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no longer will i curse the bad i've done

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There are bags in the trunk, and music is playing loudly, and they are laughing, loud and happy as people in love do.

There are bags of money that was not previously theirs, and there is a gun under her seat, and there is blood on his shirt.



Natasha is seventeen and sweet, and innocent, and doesn’t deserve what’s happened to her, her parents say. She was going to be a doctor, her mother tells the neighbours, who only remember a teenage girl who rarely went a night without climbing out of her bedroom window to spend it at someone else’s. A teenage girl whose smile was blood red; the only colour she wore. But try to tell parents grieving a child dead to them that this has been a long time coming, try to tell them that she’s always been a dangerous one, and then, well, you’re the criminal, aren’t you?

(Never mind that it’s not you who robs banks and steals cars and kills whoever gets in your way. No, no, that couldn’t possibly be their little girl, could it?)



Natasha wears demure black dresses, and nice black heels, and keeps a revolver in her purse next to her cigarettes and fake ID. Natasha doesn’t keep Bucky around to fight her battles for her or to clean up after her or for whatever else reason nosy neighbours whisper about when parents aren’t around; a girl like that, they say, doesn’t need nobody but herself, doesn’t keep anyone around unless she wants them there.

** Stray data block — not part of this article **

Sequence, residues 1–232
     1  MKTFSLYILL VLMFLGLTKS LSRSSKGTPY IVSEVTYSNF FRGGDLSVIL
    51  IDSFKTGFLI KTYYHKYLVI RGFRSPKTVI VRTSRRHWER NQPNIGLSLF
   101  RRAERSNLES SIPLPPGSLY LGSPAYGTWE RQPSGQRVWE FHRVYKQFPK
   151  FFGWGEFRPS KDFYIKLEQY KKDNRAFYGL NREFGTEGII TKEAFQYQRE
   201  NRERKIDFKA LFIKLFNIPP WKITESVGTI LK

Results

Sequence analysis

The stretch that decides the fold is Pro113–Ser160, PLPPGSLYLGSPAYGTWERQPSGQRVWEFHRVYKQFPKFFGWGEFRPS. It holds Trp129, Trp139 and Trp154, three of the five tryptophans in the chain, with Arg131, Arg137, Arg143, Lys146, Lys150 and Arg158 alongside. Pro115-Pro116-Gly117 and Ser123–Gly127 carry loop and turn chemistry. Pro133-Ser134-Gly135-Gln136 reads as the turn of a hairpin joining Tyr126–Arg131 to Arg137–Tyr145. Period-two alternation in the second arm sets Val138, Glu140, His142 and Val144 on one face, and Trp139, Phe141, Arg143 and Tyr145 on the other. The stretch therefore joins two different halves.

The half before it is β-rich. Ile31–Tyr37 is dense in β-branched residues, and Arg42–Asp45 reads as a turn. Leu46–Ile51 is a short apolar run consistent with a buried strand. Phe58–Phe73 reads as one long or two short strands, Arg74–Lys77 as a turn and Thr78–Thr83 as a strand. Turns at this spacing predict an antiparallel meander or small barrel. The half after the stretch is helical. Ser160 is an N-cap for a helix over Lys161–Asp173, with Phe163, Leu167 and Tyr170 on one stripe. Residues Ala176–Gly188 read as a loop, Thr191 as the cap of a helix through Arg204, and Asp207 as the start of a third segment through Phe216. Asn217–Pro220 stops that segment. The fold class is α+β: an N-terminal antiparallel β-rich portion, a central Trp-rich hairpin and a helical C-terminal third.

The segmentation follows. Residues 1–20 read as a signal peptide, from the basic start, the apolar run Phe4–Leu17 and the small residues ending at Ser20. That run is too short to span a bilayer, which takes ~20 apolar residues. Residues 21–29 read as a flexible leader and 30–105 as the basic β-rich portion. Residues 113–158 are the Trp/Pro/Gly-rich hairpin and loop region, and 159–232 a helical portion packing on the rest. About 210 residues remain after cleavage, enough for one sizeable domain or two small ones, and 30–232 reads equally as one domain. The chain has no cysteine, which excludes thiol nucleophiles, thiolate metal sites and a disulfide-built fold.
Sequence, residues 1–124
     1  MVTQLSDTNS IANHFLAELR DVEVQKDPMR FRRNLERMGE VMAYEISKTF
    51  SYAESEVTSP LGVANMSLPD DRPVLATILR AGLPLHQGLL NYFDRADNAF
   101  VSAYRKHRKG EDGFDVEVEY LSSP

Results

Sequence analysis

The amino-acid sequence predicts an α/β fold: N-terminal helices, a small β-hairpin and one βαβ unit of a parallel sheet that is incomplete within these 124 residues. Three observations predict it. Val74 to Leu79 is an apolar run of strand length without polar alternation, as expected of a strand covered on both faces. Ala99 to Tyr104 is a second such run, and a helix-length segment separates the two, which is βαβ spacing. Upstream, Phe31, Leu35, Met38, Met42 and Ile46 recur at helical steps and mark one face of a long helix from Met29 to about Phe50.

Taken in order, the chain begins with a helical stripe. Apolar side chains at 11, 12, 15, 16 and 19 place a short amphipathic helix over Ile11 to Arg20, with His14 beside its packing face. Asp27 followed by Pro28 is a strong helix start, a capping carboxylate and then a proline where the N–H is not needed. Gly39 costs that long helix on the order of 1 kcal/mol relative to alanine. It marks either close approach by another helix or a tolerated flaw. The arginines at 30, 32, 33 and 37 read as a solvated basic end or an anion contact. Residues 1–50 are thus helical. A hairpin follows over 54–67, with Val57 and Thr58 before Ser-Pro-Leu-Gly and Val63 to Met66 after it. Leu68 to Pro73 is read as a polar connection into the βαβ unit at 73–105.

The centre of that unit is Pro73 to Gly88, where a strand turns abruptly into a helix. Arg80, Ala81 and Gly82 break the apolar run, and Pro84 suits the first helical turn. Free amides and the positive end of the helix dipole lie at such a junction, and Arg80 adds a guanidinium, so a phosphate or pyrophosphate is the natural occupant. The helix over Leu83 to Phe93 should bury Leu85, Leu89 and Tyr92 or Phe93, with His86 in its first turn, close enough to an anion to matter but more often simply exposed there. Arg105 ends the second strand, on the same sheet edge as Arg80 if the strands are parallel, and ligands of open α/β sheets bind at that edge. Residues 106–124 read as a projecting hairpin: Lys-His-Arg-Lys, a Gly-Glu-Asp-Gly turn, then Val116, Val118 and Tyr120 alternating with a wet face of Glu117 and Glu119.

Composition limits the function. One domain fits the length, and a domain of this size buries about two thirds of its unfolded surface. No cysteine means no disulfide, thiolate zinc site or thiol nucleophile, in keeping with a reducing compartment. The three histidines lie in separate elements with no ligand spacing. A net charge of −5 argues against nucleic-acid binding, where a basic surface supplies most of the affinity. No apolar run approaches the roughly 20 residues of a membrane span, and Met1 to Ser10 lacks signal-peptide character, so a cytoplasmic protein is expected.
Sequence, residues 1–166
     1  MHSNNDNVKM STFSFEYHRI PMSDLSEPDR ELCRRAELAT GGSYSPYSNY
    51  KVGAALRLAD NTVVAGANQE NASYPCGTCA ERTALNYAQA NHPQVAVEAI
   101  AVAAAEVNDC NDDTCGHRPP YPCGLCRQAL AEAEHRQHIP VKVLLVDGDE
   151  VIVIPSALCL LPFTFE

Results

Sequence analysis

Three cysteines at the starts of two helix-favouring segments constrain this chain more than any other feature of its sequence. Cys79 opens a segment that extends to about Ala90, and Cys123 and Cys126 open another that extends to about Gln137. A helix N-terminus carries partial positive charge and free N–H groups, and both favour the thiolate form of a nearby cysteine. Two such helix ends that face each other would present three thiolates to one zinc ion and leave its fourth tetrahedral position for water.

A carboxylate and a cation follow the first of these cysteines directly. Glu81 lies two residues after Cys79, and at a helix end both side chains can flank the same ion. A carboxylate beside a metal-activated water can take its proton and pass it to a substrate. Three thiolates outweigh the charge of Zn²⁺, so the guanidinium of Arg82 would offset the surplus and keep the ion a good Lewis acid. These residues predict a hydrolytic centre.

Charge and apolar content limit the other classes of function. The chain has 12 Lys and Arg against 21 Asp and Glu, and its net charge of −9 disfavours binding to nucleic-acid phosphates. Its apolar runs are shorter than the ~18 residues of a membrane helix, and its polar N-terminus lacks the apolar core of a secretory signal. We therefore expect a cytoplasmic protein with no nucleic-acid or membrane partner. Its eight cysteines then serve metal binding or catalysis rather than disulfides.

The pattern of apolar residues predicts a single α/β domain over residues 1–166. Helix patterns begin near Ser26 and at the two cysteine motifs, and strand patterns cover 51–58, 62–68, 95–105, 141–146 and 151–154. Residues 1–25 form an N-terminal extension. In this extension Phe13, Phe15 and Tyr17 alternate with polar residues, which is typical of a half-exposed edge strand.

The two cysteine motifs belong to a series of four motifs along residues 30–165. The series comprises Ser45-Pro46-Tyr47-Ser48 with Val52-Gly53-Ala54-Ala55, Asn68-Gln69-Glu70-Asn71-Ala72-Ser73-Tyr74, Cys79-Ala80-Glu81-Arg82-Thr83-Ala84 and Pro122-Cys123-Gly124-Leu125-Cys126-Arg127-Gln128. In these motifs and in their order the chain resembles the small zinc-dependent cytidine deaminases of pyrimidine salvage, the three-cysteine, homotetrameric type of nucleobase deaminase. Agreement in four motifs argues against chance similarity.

Natasha doesn’t need anyone but herself, sure, but who’s to say she can’t have a bit of fun?



The first time he sees her, she is a shadow in an alley, cigarette burning bright, the darkness and the smoke curling around her like it’s a part of her, an uncontrollable extension of her body. She’s wearing a smug smile and blood on her cheek and her knuckles, and yeah, he think he might want to know this girl a bit better.

"Steve Rogers," he says, and he holds out a hand for her to shake, kisses the back of her hand when she does take it. "And who might you be, gorgeous?"

"Leaving," she says, and she smiles and laughs as she walks away.

She's not there again until two nights later.

"Natasha," she says as the lighter illuminates her face.

"Those things'll kill you," he tells her as she inhales.

"I know."

This time she takes his hat when she leaves.

Natasha leans against the dirty wall a week later, shoulders stark white against the black of the city. Her hair bleeds red down from beneath his hat. Her stockings are ripped, and she’s kicked her shoes off. "So what is it that you do, Mr Rogers?" she asks, looking up at him. He’s taller than her, but not by much.

“Call me Bucky,” he says.

“So what is it that you do, Bucky?”

"I rob banks," he grins. Because there's no real point in lying to someone who wants to do something exciting, something thrilling; someone who wants to go out with a bang.

(No matter what she says, he knows they're the same. You can always recognise your own.)



“Now, miss,” the detective says, giving her a picture of Bucky. “If you’ve seen this man, you oughta tell us about it.”